This costume is actually pretty fun. It maintains a lot of the sex appeal of the classic outfit but is more utilitarian. A padded outfit meant for combat, bare legs rather than fishnets that would be sure to tear during combat anyway. This lady is a fighter, no doubt about it.

 

Dinah sometimes wore variations of this outfit. Sometimes she'd toss on a leather jacket, making this more akin to her classic costume. The new lines on the jacket make it complement the rest of the uniform rather than appearing as if it were a separate piece she just threw on.

Dinah also sometimes wore a trousers-version of the same suit. I like the idea that Dinah would sometimes wear different versions of her outfit depending on the mission or, frankly, the climate she's heading into. I bet this outfit wouldn’t look bad in a live-action film either.

RETRO IS IN

 

Eventually, Dinah decided to go back to her more classic style. But now she utilized minor elements from her initial Birds of Prey outfit. The boots and gloves now have yellow padding. Sometimes she’d wear a simply jacket, sometimes it would be the more stylized version with yellow pads. And notice the aforementioned zipper that goes all the way to the neck. This is now a black leather outfit, implying a protective quality rather than just a black top or swimsuit. These small touches definitely help Dinah, showing that she's wearing some kind of uniform.

In a few adventures, Dinah added a long coat to her ensemble. I love this long coat. At times, it is loose. At times it is closed with a golden clasp. Either way, it works. It looks serious and classy and the gold clasp version gave her a stronger air of authority to my mind.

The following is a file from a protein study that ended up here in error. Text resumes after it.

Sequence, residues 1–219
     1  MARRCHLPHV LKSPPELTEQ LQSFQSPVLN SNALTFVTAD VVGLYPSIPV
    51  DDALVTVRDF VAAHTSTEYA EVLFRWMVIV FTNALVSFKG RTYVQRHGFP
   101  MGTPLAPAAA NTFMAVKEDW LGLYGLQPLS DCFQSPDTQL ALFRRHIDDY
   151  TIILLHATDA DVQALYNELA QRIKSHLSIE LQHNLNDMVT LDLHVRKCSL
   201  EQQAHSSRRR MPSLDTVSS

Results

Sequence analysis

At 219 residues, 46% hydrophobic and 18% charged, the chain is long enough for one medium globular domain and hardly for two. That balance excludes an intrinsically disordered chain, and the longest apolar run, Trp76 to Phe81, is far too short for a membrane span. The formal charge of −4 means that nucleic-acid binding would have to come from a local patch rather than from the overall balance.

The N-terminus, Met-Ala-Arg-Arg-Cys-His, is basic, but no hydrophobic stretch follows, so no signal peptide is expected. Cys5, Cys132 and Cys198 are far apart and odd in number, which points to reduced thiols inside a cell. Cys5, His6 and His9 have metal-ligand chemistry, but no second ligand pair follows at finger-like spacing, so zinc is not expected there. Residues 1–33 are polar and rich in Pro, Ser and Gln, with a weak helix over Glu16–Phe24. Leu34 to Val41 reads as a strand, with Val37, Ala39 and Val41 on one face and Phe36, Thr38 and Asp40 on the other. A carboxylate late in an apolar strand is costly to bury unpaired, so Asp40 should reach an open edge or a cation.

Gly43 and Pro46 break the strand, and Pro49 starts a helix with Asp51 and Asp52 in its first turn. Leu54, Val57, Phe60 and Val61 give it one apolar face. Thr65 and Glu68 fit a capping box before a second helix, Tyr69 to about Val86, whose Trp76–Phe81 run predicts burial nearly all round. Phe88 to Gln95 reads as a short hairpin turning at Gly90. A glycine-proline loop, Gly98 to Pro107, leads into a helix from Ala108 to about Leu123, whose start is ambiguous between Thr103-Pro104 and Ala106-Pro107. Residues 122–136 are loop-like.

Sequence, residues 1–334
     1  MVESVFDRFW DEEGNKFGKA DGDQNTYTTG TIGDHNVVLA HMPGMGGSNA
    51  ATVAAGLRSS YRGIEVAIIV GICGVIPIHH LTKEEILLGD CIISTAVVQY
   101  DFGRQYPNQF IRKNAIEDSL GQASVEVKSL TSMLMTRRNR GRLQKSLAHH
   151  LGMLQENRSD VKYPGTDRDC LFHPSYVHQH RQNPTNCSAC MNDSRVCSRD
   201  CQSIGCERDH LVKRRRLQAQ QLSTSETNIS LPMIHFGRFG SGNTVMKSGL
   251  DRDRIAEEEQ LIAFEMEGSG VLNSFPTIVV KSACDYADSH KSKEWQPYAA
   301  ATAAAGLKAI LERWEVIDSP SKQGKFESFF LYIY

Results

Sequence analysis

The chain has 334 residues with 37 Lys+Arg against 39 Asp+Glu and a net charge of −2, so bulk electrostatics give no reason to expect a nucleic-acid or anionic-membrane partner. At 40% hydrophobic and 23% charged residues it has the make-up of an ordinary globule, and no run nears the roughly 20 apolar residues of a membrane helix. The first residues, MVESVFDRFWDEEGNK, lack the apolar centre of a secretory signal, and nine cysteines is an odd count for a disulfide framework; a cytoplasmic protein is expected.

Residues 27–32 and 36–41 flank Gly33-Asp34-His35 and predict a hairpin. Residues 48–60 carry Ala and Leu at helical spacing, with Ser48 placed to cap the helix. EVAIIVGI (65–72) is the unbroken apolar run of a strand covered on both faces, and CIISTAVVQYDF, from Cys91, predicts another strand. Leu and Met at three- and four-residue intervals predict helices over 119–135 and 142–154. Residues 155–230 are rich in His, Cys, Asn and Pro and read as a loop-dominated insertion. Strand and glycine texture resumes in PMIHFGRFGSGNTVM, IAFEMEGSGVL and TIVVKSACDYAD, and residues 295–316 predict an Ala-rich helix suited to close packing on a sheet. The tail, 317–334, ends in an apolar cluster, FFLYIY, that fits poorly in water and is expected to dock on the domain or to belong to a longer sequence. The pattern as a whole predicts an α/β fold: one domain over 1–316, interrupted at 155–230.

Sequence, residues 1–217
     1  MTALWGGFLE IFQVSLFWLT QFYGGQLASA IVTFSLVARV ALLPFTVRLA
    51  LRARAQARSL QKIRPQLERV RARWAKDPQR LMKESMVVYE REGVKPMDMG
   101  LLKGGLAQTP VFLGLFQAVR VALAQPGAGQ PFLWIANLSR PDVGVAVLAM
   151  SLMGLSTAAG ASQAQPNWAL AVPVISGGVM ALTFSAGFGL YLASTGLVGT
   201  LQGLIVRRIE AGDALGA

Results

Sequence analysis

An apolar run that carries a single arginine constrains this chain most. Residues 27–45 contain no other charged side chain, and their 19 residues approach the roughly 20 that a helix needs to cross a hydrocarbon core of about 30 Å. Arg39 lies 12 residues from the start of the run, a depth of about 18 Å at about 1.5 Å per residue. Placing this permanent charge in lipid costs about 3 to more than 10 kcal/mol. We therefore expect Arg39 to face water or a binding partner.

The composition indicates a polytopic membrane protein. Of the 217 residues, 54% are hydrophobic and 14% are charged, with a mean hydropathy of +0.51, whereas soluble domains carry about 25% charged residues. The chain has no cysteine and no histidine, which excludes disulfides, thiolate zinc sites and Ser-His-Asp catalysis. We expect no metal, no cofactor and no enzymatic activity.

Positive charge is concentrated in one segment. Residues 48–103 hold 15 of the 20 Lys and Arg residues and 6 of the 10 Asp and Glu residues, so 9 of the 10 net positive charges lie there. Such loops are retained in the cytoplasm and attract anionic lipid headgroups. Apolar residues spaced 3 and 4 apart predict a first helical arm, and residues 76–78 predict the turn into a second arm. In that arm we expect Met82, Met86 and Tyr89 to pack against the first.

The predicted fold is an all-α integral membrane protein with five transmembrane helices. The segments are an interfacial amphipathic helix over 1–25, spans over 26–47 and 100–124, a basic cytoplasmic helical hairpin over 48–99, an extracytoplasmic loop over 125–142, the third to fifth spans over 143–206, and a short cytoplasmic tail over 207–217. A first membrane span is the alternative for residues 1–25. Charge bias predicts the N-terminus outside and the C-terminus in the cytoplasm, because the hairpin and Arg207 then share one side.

NEW 52

 

In 2011, DC Comics rebooted the majority of its superhero universe yet again. In the new reality, a lot of Dinah’s history is still up for grabs. She was apparently a member of the military group Team 7 before later becoming a vigilante called Black Canary. When she was 16, she apparently had an adventurer with 11-year-old sorceress Zatanna (as will be seen in the graphic novel Bloodspell). She did apparently work in a team called the Birds of Prey which later split up.

In the new Birds of Prey series, which premiered along with 51 other titles of the new reality (labeled “the New 52”), Black Canary reformed the Birds of Prey while she avoided police, since she was also wanted for murder. Since then, she and the new team have been doing their best to fight crime and take names.

 

Like most of the DC superheroes, Dinah sported a new design when the New 52 premiered. This is now clearly body armor, in the same vein as Batman’s armor. It makes sense that Dinah, a person who has no powers beyond her Canary Cry, would want to protect herself, but I wonder if there are too many colored lines and visible pads here. The fishnets on the arms and legs recall the classic look but are now colored as they were pre 1980s, which tones down the sexuality.

Some of Dinah’s past will be revealed in the upcoming Team 7 comic. Time will tell if she gets around to changing her look again. In the meantime, you should all be reading Birds of Prey. Not just the new title, either. Go pick up old trades. And write to Warner Bros. that you want to see a Black Canary and/or Birds of Prey movie already.

We hope you enjoyed this as we continue our countdown to the end of Agent of S.T.Y.L.E. Until next time, this is Alan Kistler, signing off.

[Alan Sizzler Kistler is an actor and writer who regularly jumps between New York City and Los Angeles. He is the author of The Unofficial Batman Trivia Challenge, The Unofficial Spider-Man Trivia Challenge and The Unofficial Game of Thrones Cookbook. He believes Isaac Asimov should be required reading in schools and misses seeing Stephanie Brown in comic books.]